Which person in your time in the sport has had the greatest influence on you?
“My father for several reasons. His passion for the horses was even greater than mine, although he did not play at the level I do and would like to continue doing. He was a perfectionist and one of the most detailed minded people I’ve ever known. There were times we’d go to the fairgrounds early in the morning and he’d be working with balancing a horse until it turned dark. I’m not quite that way, but I like to think I’ve inherited some of that drive from him.”
Let’s talk about some of your horses.
Magical Mike – “He was the first horse that I’ve owned that was a Classics winner. I suppose if push came to shove, I’d say he still might be my favorite. They say there is nothing like your first time. He was my first top horse. Of course, being partners with Tom Walsh, one of the finest people I’ve known, added to the pleasure.”
Armbro Operative – “A very nice horse. He wasn’t a champion. But he was a good honest racehorse who was there at the right time on the right day. There is nothing like winning the Little Brown Jug — well, maybe the Hambletonian, but the Jug is a race like no other.”
Pizza Dolce – “My first great trotter. She wasn’t a kid’s horse. But when she was good she was very, very good.”
Spider Blue Chip – “Probably the best horse I had with Chuck Sylvester. He had it all, speed, gait, gameness. In retrospect I don’t believe that he ever got the credit he deserved.”
Bee A Magician – “She was a dream horse. She had everything. How many horses have gone through a season undefeated? How many times do you have a Horse of the year?”
Papi Rob Hanover – “I’ll leave him for later.”
How about your trainers?
Bill Haughton – “Unfortunately my time with him was short. Here’s my favorite Billy Haughton story. Bill was looking for a ride to the airport. I quickly volunteered. I didn’t know him that well and figured here was my chance to pick the brain of the greatest horseman ever. No sooner had I turned the car’s engine over than the world’s greatest horseman was fast asleep. So he remained until we got to the airport.”
Chuck Sylvester – “It seems like I’ve had horses with Chuck forever. He’s a great horseman and an even better person. If you can’t find being with Chuck Sylvester enjoyable, then you don’t belong in this business. We’ve been partners on both owning horses and with Tom Walsh in establishing Magical Acres training center in New Jersey.”
Brett Pelling and Nifty Norman – “Two great horsemen and wise men who were often way ahead of the competition. They have the ability, often not found in this business, to think out of the box. People asked me when Brett left to go back to Australia was I upset? Maybe because of the loss of camaraderie, but not because of losing anything in terms of horsemanship. He and Nifty (Norman) were a team. There was very little difference in separating them. When Brett came back I left the trotters with Nifty and gave the pacers to Brett.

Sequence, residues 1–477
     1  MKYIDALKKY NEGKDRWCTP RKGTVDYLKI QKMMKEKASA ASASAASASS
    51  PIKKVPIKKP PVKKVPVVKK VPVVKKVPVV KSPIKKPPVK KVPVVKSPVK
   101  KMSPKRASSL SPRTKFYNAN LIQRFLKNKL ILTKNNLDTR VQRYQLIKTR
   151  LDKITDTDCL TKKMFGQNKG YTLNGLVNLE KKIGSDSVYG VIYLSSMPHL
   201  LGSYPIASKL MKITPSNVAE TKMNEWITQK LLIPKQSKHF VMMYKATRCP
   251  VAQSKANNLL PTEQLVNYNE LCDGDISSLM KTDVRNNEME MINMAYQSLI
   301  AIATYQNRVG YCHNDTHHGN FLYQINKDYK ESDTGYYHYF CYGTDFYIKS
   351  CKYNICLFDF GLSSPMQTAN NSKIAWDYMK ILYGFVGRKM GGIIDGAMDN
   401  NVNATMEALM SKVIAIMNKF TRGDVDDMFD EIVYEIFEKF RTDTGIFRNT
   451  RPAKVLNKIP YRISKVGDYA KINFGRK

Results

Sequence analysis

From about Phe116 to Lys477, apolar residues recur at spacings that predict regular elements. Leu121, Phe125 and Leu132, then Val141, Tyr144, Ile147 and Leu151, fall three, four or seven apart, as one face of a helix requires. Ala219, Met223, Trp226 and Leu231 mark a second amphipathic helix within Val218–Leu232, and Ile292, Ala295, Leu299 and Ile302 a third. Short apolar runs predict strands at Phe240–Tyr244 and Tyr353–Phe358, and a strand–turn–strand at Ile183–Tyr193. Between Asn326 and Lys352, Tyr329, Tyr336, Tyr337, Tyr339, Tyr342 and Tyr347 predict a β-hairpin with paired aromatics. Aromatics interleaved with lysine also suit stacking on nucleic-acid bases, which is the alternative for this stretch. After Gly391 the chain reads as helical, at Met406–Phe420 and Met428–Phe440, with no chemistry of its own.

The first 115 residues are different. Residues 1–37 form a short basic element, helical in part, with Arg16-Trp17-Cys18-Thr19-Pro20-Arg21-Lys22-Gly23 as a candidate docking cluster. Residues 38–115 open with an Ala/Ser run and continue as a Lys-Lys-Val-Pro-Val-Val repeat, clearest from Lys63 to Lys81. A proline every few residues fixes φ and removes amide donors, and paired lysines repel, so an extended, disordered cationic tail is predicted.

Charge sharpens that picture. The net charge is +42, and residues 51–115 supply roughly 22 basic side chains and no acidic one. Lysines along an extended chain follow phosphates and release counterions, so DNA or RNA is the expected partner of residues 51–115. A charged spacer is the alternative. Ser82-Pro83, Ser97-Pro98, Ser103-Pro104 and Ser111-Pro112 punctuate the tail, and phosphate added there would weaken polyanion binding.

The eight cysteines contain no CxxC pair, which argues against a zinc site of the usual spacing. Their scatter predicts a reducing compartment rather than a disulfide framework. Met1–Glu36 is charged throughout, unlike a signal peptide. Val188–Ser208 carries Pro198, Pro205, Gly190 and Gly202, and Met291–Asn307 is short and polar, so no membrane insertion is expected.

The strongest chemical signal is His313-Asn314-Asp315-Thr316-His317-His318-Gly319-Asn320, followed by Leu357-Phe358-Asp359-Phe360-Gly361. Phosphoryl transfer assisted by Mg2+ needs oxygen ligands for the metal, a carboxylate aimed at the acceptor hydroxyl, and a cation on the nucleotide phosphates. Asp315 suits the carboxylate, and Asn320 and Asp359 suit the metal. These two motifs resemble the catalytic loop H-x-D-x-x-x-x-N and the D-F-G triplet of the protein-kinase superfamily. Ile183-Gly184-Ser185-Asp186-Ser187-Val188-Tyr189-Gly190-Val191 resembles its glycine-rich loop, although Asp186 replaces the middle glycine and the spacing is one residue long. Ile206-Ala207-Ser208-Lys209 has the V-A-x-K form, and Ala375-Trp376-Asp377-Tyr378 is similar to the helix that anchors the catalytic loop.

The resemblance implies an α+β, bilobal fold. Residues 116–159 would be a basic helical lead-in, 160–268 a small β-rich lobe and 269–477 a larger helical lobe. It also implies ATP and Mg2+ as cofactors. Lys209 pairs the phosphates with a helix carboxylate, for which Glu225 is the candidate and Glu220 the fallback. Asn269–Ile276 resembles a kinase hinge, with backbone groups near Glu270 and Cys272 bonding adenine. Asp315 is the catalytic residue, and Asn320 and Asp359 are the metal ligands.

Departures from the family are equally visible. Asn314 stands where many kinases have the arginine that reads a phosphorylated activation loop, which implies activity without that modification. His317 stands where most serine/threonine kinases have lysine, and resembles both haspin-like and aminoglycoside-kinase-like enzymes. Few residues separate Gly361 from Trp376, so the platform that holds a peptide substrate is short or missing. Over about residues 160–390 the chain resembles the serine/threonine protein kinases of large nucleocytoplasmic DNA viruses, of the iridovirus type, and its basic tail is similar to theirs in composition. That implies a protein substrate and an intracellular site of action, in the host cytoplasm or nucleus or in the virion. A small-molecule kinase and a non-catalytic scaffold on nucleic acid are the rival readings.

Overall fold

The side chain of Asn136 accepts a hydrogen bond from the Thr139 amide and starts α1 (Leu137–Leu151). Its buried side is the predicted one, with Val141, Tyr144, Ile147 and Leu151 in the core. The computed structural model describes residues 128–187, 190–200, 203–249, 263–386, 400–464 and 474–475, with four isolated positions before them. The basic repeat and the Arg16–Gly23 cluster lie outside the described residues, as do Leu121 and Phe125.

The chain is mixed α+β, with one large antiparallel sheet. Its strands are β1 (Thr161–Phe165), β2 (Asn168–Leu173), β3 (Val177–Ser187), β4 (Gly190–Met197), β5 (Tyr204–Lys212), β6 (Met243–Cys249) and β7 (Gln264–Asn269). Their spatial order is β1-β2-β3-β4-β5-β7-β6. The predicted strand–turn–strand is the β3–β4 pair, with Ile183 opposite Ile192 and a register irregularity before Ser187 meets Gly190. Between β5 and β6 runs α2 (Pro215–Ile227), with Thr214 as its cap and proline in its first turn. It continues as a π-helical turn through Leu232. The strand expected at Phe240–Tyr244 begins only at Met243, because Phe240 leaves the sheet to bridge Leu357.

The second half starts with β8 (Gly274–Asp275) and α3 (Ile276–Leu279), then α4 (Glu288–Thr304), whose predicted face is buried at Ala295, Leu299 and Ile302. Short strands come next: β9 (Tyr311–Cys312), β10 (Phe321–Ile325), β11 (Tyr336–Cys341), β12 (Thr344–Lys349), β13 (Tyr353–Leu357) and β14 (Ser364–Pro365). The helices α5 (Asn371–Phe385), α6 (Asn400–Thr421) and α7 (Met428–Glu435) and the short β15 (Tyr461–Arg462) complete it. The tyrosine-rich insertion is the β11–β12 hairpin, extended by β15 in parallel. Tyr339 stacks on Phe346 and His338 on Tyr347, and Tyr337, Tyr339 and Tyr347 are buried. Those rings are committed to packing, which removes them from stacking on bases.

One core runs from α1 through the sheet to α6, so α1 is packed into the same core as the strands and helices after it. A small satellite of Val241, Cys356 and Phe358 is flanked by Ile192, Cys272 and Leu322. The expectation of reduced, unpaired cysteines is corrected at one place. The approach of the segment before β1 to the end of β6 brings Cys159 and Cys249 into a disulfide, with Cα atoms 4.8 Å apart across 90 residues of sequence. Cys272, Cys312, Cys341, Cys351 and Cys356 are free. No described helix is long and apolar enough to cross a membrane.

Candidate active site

“As great an experience as I’ve had with these two guys training my horses, it has been even better having them as my friends. I’ve been to Dubai with both of them; traveled to Australia to visit Brett; been to France for the Prix d’Amerique with Nifty and spent countless hours with them in person and on the telephone.”
Peter Wrenn – “The first trainer/driver that I’ve had since Billy Haughton. He races the midwest division of the horses I have in training and races Ohio and Indiana breds. An added bonus with Peter is that he trains at Sunshine Meadows and I can come to see my horses in action all winter.”
What was your biggest disappointment in all your years in the sport?
“Most people would point to the disqualification of Papi Rob Hanover in last year’s Breeders Crown and they’d be mostly right. It was terribly devastating, not only because I felt I had the best colt that night, but also because I had chartered a plane and brought some dear friends to the race with me. We all were on our way to the winner’s circle when that light started flashing. I felt almost as bad for my friends as I did for myself when they took him down.
“But before Papi Rob, there was another incident.